City Management in the Old West: What Was It like to Manage a Small City in Wyoming in the Mid-1880s, and How Did City Administration Evolve in Response to a Variety of Issues Confronting the Laramie City Council?

By Hubbell, Larry; Winters, Regina | The Public Manager, Fall 2004 | Go to article overview
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City Management in the Old West: What Was It like to Manage a Small City in Wyoming in the Mid-1880s, and How Did City Administration Evolve in Response to a Variety of Issues Confronting the Laramie City Council?


Hubbell, Larry, Winters, Regina, The Public Manager


Water shortages, urban renewal, open space, and zoning are only a few of the issues facing modern city administrators. But what was it like to manage a small city in the American West in the mid-1880s at the dawn of public administration in the United States? What services fell under the public purview? In this article, the authors examine how city administration evolved in Laramie, Wyoming, as it began its life as a charter city in the 1880s--a period during which American public administration also began with the publishing of Woodrow Wilson's famous article "Study of Administration" in 1887.

In this article, the authors conducted research into the early days of city administration in Laramie, Wyoming, from 1884 to 1886. In their research, they consulted local newspaper articles, biographies, city ordinances, and other historical materials. As a means of contrasting late 19th century Laramie with the Laramie of today, they interviewed the city's current mayor.

The Historical Context

Laramie was established in 1868 when approximately 900 residents inhabited the small town. That year was also marked by the election of a mayor, a city marshal, a city clerk, and trustees, who ran on the platform of getting rid of the "Hell on Wheels," described by the League of Women Voters as a motley throng of gamblers and evildoers. The first structures in the town were tents and sheds, which were soon replaced by permanent structures. It was one of five towns in Wyoming established along the route of the Union Pacific Railroad along the Wyoming Territory's southern border with Colorado. During the 1880s, change was affecting the City of Laramie. The Oregon Trail, which had passed just south of the city, had recently been replaced by the railroad. The Indian wars were over, but the Battle of Little Big Horn was fought in the neighboring territory of Montana in 1876, just a few years before.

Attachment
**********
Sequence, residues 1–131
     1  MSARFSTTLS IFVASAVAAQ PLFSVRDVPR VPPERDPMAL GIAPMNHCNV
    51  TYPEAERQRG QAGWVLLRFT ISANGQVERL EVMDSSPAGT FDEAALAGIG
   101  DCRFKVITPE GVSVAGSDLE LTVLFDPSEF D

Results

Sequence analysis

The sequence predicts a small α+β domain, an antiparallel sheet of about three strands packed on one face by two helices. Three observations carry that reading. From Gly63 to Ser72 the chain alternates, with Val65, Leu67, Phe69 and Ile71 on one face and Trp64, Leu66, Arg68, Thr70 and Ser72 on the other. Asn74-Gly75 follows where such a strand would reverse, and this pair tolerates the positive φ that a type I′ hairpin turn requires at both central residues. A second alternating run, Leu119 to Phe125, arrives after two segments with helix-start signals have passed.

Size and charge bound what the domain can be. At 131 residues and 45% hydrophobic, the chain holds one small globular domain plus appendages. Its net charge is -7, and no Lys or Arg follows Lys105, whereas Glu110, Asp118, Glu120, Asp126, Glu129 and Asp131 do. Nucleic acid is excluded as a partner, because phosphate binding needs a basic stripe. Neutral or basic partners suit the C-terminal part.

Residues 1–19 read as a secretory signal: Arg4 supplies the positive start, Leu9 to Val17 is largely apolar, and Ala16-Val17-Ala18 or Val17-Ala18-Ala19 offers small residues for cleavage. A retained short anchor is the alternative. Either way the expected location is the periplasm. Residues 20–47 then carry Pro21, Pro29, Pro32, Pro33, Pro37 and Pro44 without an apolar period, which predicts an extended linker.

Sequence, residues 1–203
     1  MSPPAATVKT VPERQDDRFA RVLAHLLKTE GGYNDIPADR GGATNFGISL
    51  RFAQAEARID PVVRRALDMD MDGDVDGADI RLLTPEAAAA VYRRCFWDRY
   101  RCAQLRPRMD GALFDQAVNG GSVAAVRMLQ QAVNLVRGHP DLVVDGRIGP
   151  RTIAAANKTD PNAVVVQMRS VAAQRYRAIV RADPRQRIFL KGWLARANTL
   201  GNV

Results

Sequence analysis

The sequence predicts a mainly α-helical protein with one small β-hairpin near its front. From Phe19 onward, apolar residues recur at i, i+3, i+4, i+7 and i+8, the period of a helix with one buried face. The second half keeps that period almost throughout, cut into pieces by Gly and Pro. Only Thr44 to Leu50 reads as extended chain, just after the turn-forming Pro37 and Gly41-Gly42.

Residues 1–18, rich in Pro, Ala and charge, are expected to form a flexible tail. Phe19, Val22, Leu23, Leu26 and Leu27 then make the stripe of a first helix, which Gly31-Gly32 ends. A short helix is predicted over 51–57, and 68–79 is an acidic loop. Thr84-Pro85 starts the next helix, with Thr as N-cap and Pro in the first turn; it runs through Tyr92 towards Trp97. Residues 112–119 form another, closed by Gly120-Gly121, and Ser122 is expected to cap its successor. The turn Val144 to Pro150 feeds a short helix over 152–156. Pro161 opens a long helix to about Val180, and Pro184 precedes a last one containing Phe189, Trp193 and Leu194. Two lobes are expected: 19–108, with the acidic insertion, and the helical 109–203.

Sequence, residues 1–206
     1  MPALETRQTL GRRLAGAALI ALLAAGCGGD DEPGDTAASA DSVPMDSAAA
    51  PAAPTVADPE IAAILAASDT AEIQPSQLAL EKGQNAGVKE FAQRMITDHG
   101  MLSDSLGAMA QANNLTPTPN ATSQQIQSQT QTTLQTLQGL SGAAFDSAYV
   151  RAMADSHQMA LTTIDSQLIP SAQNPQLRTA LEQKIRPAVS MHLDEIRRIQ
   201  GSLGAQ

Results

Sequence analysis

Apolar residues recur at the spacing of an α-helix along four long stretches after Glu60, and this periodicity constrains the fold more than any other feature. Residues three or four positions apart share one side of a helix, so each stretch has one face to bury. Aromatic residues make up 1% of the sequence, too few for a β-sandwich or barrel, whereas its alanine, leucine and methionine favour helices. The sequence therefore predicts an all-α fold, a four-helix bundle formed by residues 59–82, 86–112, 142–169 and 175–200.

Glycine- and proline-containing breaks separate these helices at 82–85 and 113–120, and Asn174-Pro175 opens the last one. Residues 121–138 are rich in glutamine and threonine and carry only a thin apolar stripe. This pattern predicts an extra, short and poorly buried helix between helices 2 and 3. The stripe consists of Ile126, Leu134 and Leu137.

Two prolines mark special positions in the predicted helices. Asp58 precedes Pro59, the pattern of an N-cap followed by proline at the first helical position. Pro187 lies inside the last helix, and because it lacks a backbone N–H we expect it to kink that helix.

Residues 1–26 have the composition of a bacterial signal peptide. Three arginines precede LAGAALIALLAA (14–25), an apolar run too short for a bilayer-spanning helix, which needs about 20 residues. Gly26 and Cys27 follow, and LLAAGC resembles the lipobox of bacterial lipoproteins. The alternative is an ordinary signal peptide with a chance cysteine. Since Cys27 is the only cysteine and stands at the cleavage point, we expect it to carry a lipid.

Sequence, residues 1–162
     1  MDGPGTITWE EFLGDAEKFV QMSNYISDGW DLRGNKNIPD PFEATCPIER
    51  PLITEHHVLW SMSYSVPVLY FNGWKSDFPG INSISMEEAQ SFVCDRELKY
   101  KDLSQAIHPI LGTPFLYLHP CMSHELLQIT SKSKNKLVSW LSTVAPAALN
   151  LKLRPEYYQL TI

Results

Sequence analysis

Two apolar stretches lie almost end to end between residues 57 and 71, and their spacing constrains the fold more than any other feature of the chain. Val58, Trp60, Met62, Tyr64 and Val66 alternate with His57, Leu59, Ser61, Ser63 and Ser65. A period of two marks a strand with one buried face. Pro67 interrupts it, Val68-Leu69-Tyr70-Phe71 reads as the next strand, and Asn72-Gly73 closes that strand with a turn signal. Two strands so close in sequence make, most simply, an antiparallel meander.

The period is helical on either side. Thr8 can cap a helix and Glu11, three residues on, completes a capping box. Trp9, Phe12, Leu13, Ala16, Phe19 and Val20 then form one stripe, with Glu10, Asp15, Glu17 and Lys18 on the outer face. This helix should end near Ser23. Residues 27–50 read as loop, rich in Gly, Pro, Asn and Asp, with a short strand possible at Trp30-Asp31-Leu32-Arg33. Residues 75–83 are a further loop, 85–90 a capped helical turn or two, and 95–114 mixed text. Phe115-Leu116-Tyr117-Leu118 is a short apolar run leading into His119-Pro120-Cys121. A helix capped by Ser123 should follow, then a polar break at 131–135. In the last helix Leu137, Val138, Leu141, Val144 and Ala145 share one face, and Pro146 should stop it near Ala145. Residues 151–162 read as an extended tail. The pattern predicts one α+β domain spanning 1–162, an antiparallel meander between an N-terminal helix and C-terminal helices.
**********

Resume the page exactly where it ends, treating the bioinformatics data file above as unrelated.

In 1884, the Wyoming legislature approved the Laramie city charter after two failed attempts. During these years, the rule of law was still in its infancy in this region. In 1885, a man accused of grand larceny, Si Partridge, was lynched by a mob on the outskirts of Laramie. In 1886, two major events occurred in the history of the town. The downtown became illuminated by electric lights, and the University of Wyoming was inaugurated, becoming the territory's only four-year institution of higher learning, a distinction it holds to this day.

By 1890, Laramie had a population of 6,386, and many of the local boosters, particularly the members of the board of trade, predicted that it would continue to grow rapidly. Laramie did reach a population of 8,207 in 1900, although the much-predicted boom never did occur. In the last 2000 census, Laramie's population was approximately 27,000, and about 9,000 of the residents were University of Wyoming students. Meanwhile, at the regional level, Wyoming became the nation's forty-fourth state in 1890.

The Principal City Officials

In 1884, the Wyoming legislature issued Laramie a permanent city charter that designated the city would be run by an elected mayor, treasurer, clerk, and five council members from three wards. Specifically, the charter outlined the duties of the mayor and council as follows:

         The mayor and council are empowered to bar and enforce
     ordinances for the government of the city; levy taxes, etc.; and
     given the usual powers of the government of municipal corporations.
     Among the powers especially granted are to restrain, prohibit and
     suppress tippling shops and all places where liquors are sold;
     billiard tables, bowling alleys, houses of prostitution and other
     disorderly houses and practices, games and gambling houses,
     desecration of the Sabbath day, commonly called Sunday and all
     kinds of public indecencies (Weekly Sentinel, 3/15/1884, p.3).

Each city official was elected annually in April.

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